ABBA Voyages to the Past

ABBA’s most recent album explores change and reflects on life with catchy choruses and thumping instrumentals.


ABBA’s most recent album explores change and reflects on life with catchy choruses and thumping instrumentals.

On November 5th, long-standing Swedish pop group ABBA released Voyage—their first album in 40 years, following The Visitors. Voyage features classic ABBA song structures and harmonies, but more mature, world-weary lyrics.

As a teenager, I can’t relate to lyrics about the passage of time after messy divorces or raising children. However, I can relate to ABBA’s lyrics about perseverance, trust, and emotional pain. 

In the first track, the titular opening line, “I still have faith in you,” encapsulates vocalist Agnetha Fältskog’s feelings about her lost love, but additionally reflects the listener’s perspective, still having faith in ABBA to make delightful, complex, and catchy music decades after their prime. In “I Can Be That Woman,” Fältskog sings, “There’s a shimmer of hope in your eyes; you can’t believe it, but you’re close to tears,” and apologizes to her partner for not being a better person. “Keep an Eye on Dan” tells the story of a divorced mother sending her son to live with his father for a weekend. It’s lyrically simple, but the chorus’s instrumentals intensify mundane lyrics like “And don’t forget: I’ll be back at seven on Sunday to get him,” portraying dropping the son off as an emotional and difficult experience. ABBA doesn’t hold back on sentimentality in Voyage.

The album features deliciously catchy hooks and unique instrumentation in usual ABBA fashion. Tracks “Don’t Shut Me Down” and “I Still Have Faith In You” build into explosive, emotional choruses. “Don’t Shut Me Down” in particular is the most similar track to the 1970s ABBA sound. The piano and violin’s countermelody during the second chorus intensifies and accentuates the vocals, making it epic and classically ABBA. “Just a Notion” has thumping piano and bass perfectly accompanying the entire band’s vocal harmonies, which were recorded in the 1970s. ABBA does branch out into other styles of music, including Irish folk in “When You Danced With Me.” The track features traditional Irish piping and is in simple duple time, lively enough to dance to. “No Doubt About It” bursts with energy and has the highest tempo of any song on the album. Following “No Doubt About It,” the sweeping strings throughout “Ode to Freedom” end the album cinematically.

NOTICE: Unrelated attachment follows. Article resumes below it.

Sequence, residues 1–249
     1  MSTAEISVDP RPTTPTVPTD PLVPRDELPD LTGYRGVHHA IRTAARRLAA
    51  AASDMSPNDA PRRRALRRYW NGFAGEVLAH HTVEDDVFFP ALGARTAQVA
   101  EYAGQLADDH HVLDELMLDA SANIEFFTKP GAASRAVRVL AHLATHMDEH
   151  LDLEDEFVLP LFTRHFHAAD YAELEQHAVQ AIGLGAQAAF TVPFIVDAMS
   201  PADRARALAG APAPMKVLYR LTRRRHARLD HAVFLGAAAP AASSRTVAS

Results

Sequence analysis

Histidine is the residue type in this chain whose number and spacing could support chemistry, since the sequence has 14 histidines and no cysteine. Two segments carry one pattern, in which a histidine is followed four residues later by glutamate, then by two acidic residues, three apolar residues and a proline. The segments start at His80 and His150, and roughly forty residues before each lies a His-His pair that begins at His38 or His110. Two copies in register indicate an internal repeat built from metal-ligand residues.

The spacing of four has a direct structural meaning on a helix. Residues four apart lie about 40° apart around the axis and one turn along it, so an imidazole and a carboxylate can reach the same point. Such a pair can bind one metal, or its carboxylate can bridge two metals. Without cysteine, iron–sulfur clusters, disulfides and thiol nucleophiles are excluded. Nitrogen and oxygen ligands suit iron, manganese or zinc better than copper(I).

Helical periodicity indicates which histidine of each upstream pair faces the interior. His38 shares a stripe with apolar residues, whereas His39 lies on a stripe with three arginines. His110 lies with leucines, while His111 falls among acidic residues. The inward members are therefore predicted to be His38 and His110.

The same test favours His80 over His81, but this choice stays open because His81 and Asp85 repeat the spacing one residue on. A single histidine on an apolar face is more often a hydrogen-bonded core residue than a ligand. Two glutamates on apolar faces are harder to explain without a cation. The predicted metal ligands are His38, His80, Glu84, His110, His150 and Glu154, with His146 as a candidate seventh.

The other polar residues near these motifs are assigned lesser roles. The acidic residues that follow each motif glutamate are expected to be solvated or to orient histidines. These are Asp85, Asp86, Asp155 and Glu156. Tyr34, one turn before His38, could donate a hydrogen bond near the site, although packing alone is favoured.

However, the album has a couple of duds that make the album less cohesive in theme and tone. “Little Things” is excessively delicate, saccharine, and musically uninteresting relative to the rest of the album, and should have only been a Christmas single. Its verses and chorus are melodically similar, making the song feel repetitive and exhausting. “Little Things” playing immediately after the cheery and revelrous “When You Danced With Me” is a massive disappointment. The relief felt from the song almost ending completely dissipates when the children’s chorus comes in, providing a little extra torture for the listener. “Bumblebee” is the other mediocre track, though, unlike the former, it is at least bearable because it actually builds up to the second chorus. Its lyrics are a half-baked attempt at criticizing climate change, with lyrics like “For now, I’m in my garden…feeling sad for those who’d never hear the hum of bumblebees,” using bumblebees’ absence as a symbol of climate change’s environmental consequences. The track somewhat redeems itself with its flute opening and closing reminiscent of ABBA’s 1975 single “Fernando.” 

Many fans can’t help being immensely grateful for ABBA’s return—the fact that they’re back almost exempts them from criticism. Listeners may also ask—does ABBA still have “it”? Maybe not, but their comeback is just what fans needed during these despondent times. It’s irrational to expect a band to retain the same sound from 1970, but ABBA pulls it off, for the most part. Reuniting with ex-lovers to make emotionally charged music again is a challenging feat. ABBA proves their 40 years away from the spotlight facilitated necessary reflection to make new music.

Rating: 3.5/5